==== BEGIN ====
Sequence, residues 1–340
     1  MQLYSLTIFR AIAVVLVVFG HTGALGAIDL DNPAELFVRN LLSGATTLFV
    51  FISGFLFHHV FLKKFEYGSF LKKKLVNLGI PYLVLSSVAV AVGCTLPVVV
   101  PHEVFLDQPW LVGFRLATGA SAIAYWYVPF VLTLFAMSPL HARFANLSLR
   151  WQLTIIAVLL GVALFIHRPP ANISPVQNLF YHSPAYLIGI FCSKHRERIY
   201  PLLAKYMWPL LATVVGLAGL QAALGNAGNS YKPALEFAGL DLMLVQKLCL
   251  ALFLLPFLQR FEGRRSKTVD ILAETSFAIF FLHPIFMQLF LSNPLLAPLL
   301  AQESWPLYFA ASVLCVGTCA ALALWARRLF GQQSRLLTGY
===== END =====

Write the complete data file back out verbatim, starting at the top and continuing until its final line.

Sequence, residues 1–340
     1  MQLYSLTIFR AIAVVLVVFG HTGALGAIDL DNPAELFVRN LLSGATTLFV
    51  FISGFLFHHV FLKKFEYGSF LKKKLVNLGI PYLVLSSVAV AVGCTLPVVV
   101  PHEVFLDQPW LVGFRLATGA SAIAYWYVPF VLTLFAMSPL HARFANLSLR
   151  WQLTIIAVLL GVALFIHRPP ANISPVQNLF YHSPAYLIGI FCSKHRERIY
   201  PLLAKYMWPL LATVVGLAGL QAALGNAGNS YKPALEFAGL DLMLVQKLCL
   251  ALFLLPFLQR FEGRRSKTVD ILAETSFAIF FLHPIFMQLF LSNPLLAPLL
   301  AQESWPLYFA ASVLCVGTCA ALALWARRLF GQQSRLLTGY